December 6, 2010, 6:09 PM

E-retailer charged with cyber-bullying and fraud

The owner of was arrested Monday.

Lead Photo

Vitaly Borker, the owner and operator of online luxury eyewear retail site, was arrested today in Brooklyn, NY, and charged with four counts of defrauding customers and threatening them when they complained, the U.S. attorney’s office in Manhattan has announced.

Borker was the subject of a long article in the New York Times Nov. 28 in which he was depicted as bragging that he goaded unhappy customers into posting complaints on online review sites, believing that would raise his ranking in Google search results. Google responded a few days later by announcing it was taking steps to lower the rankings of merchants that consistently provided poor service, including Borker’s.

According to a complaint filed Friday in federal court in New York City, Borker since January 2007 has sold counterfeit or damaged goods from, made unauthorized charges to customers’ credit cards and that, when customers tried to return or exchange merchandise “a campaign of aggressive, obscene and intimidating conduct followed from a representative of”

The complaint, filed by postal inspector Douglas G. Veatch of the U.S. Postal Inspection Service, details several instances in which Borker allegedly threatened customers and their family members by telephone and e-mail. In one case, Borker told a customer “I know where you work” and “I can hurt you,” and then sent an e-mail to the customer’s workmates accusing him of dealing in drugs and homosexual practices.

"Millions of people shop online and rightfully assume they are dealing with legitimate and honest vendors, Manhattan U.S. attorney Preet Bharara said in announcing the arrest. “Online consumers should never be in fear for their safety simply because they have chosen the convenience of Internet shopping. But that is what allegedly occurred in this case. Vitaly Borker, an alleged cyberbully and fraudster, cheated his customers, and when they complained, tried to intimidate them with obscenity and threats of serious violence. Especially during this holiday shopping season, today's arrest should send a message that we will protect online consumers and that victims of people like Borker are not alone.”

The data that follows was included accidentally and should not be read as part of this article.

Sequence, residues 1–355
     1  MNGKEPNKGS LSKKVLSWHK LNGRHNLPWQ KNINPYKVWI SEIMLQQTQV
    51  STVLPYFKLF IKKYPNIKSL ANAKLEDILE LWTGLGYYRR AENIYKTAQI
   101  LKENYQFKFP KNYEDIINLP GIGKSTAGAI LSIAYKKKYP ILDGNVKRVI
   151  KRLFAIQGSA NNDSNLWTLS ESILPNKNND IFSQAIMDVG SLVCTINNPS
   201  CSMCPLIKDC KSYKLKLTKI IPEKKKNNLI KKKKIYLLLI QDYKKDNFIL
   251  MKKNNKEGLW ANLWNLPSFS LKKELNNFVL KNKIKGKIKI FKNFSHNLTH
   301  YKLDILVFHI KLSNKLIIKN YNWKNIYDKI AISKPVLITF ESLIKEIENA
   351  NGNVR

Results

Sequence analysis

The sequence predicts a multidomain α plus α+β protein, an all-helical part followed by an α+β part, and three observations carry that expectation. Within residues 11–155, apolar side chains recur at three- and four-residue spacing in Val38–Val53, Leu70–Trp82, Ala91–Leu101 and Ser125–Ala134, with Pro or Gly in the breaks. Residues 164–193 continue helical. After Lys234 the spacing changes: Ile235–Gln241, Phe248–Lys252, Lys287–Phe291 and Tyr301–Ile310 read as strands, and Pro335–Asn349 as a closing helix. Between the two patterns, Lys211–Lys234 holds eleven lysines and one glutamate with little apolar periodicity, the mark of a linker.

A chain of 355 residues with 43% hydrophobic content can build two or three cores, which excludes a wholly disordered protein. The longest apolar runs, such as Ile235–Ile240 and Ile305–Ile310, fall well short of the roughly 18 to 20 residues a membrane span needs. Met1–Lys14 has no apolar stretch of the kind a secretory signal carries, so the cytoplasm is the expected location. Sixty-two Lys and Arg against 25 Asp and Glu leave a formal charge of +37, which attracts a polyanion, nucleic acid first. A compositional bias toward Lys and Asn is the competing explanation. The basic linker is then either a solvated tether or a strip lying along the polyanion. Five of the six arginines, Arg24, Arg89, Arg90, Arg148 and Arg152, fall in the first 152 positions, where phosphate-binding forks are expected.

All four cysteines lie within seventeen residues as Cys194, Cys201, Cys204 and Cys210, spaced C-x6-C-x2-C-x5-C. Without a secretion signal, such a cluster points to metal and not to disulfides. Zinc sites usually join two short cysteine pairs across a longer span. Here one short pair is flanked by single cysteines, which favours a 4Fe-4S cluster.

The complain charges Borker with one count each of cyberstalking, making interstate threats, mail fraud and wire fraud. The cyberstalking and interstate threats charges each carry  a maximum penalty of five years in prison; the mail fraud and wire fraud charges carry a maximum penalty of 20 years in prison. did not immediately respond to a request for comment.

The federal complaint says Borker was sued in federal court in 2006 for allegedly selling counterfeit goods and settled the case in September 2007, agreeing to pay a $300,000 judgment and to stop infringing on the trademarks of luxury brands. The current complaint also says there have been over 200 complaints made against DecorMyEyes with the U.S. Federal Trade Commission.

In the New York Times article, Borker is quoting as saying that the complaints made against him on various web sites improved his standing in Google. That prompted a broad discussion among search engine optimization specialists about whether such complaints in fact helped earn front-page positions in Google natural search results.

But close examination by SEO experts suggest that the postings to complaint sites did not boost the search results of In most cases, the sites hosting those consumer comment took action to prevent poor retailers from benefiting from complaints, such as by adding no-follow tags to links to that tell search engines that the site does not vouch for the linked site.

Ironically, one of the links that did help was from a New York Times article that mentioned a particular model of Versace eyeglasses and linked to a page at that had a photo of those glasses, says Byrne Hobart, a marketing consultant at online marketing firm Blue Fountain Media. Hobart says also used so-called “black hat” methods, such as creating web pages with random text containing links to the retailer’s site and perhaps paying other sites for links.

“The DecorMyEyes story is entertaining, but it’s really two stories in parallel,” Hobart wrote in a  blog post last week. “One is the story of Vitaly Borker, jerk par excellence, who browbeats his customers into accepting ripoffs. The other is the story of DecorMyEyes, a typical low-quality e-commerce site that used a combination of black-hat techniques and dumb luck to rank well.”

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